At Château Cheval-Blanc, both director Pierre Lurton and technical director Pierre-Olivier Clouet seem to bubble with enthusiasm at all times. I guess it's because they've settled into the new chai, which is both visually stunning and an inspiration in itself, as well as being one of the smartest modern showpiece cellars I've ever seen. Rows of 52 pear shaped cement vats line a massive room, each individually sized to accommodate the 45 different parcels that form the 96 acres of vines here.
For background on Cheval-Blanc and its sister properties, start with my 2013 blog notes.
"2014 was cool and rainy in the start of August and it took a while to dry up because it was so cool and humid. But then September and October were dry, and veraison took place closer to the end of August when the climactic conditions changed, which was key. We wound up with smaller berries to, which were easier to ripen through the Indian summer. The favored spots this year were gravel, because they dried faster than the clay," said Clouet.
That favored terroir shows in the 2014 Château Quinault L'Enclos St.-Emilion. The estate's 47 acres of vines are situated almost entirely on gravel. It shows nice tension, with a loamy edge providing spine to the red currant and warmed plum notes. Lingering alder and iron hints add range, and this has more depth than usual, perhaps from the first-time addition of Cabernet Sauvignon to the 69/18/13 blend of Merlot, Cabernet Sauvignon and Cabernet Franc.
"We want density in the wine, but not through extraction," said Clouet. "We would rather add the density through the addition of Cabernet than pumping over extra on vats of Merlot or Cabernet Franc."
With the Indian summer, harvest at Cheval-Blanc stretched from Sept. 18 to Oct. 8, a little later than usual.
"It's a good vintage for Merlot, but also a great vintage for the Cabernet Franc because the vintage went so late and under ideal conditions," said Lurton.
I asked Lurton and Clouet if they would rather pick early or late, risking underripeness or overripeness.
"I'd actually prefer to be the first to pick and the last to pick," said Clouet. "We want heterogeneity from plot to plot—that's the terroir and the blending for complexity. But in each plot, we want homogeneity for the quality. With this new vat room—a vat for every parcel—we don't have to choose under- or overripe. We don't have to fill a vat with two parcels just to fill a vat, and thus make a compromise. We can get every parcel right at the time we want."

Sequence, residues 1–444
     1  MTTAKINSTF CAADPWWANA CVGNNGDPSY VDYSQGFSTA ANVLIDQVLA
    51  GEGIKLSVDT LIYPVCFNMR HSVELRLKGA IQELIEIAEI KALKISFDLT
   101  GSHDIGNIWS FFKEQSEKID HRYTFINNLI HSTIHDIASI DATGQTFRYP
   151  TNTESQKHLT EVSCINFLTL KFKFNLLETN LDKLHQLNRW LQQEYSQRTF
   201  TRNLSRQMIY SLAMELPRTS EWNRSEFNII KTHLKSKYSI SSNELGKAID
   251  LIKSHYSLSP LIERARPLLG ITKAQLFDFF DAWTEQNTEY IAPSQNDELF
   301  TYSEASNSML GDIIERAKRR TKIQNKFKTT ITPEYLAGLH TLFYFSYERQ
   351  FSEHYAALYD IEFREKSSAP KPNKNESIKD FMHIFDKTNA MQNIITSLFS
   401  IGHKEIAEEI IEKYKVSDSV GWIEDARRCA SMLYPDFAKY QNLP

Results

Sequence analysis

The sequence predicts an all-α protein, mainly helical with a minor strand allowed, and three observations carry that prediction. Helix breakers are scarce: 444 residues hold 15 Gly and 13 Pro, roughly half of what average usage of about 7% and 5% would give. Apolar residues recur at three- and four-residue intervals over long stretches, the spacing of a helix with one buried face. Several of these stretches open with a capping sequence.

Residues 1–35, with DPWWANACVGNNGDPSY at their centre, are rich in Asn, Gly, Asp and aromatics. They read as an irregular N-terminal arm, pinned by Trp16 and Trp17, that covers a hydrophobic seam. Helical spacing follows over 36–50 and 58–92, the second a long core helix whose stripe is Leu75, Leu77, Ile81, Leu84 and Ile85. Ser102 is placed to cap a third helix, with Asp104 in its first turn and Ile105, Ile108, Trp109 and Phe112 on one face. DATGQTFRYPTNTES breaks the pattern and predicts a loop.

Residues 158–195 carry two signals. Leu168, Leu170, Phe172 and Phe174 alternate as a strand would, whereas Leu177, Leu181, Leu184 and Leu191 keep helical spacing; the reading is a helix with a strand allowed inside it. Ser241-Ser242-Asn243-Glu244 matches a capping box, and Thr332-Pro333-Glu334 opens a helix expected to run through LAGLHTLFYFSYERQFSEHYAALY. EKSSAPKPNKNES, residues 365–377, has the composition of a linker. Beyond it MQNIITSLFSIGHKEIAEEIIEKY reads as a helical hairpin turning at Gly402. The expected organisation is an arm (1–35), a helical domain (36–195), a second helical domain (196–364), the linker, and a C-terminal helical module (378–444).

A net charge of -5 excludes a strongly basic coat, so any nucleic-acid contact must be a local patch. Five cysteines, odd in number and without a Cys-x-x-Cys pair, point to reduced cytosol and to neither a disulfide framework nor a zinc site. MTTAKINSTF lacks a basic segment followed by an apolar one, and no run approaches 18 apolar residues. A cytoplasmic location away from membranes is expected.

The 2014 Château Cheval-Blanc St.-Emilion Le Petit Cheval represents 25 percent of the crop. The blend of Merlot and Cabernet Franc is very charming, with bright red currant and damson plum fruit laced with a lively minerality and a lilting bergamot note. Long and silky and almost approachable now, but the acidity is so fine and long this could be sneaky long in the cellar.
The grand vin 2014 Château Cheval-Blanc St.-Emilion represents 75 percent of the crop—that's a typical percentage. What is unusual in '14 is that no wine was sold off (only press wine).
"The young-vine parcels, which might sometimes be culled from either wine, were so good this year, we kept everything," said Clouet."
A classic Cheval-Blanc blend of 55/45 Merlot and Cabernet Franc, the wine is reserved aromatically for now, but this has a lot at its clutch, with remarkably silky plum, currant and raspberry fruit inlaid seamlessly with alder wood, rooibos tea and bergamot notes. There's a fine minerality that stretches out the finish, with remarkable cut, delineation and finesse. It's a gorgeous and early candidate for wine of the vintage (if you don't count Sauternes …)
That's because the 2014 Château d'Yquem Sauternes is utterly beguiling, with acacia, jasmine and honeysuckle notes leading the way, followed by refined peach, tangerine and yellow apple fruit flavors. The racy finish is long, long, long with a lemon chiffon note lingering delicately. With its racy profile, it's in the mold of the '01 and '11, but perhaps just a hair shy of concentration when compared to those two spectacular Yquem vintages.
"Thirty percent of the blend was made from earlier-picked fruit that was very, very fresh, picked at the end of the first week of September," said Lurton. "Then the later pickings we selected the different generations of botrytis fruit, as we got a little rain and a little sun alternating during that perfect Indian summer. We could combine the two sides—fresh and rich—but the hallmark of the vintage is its freshness."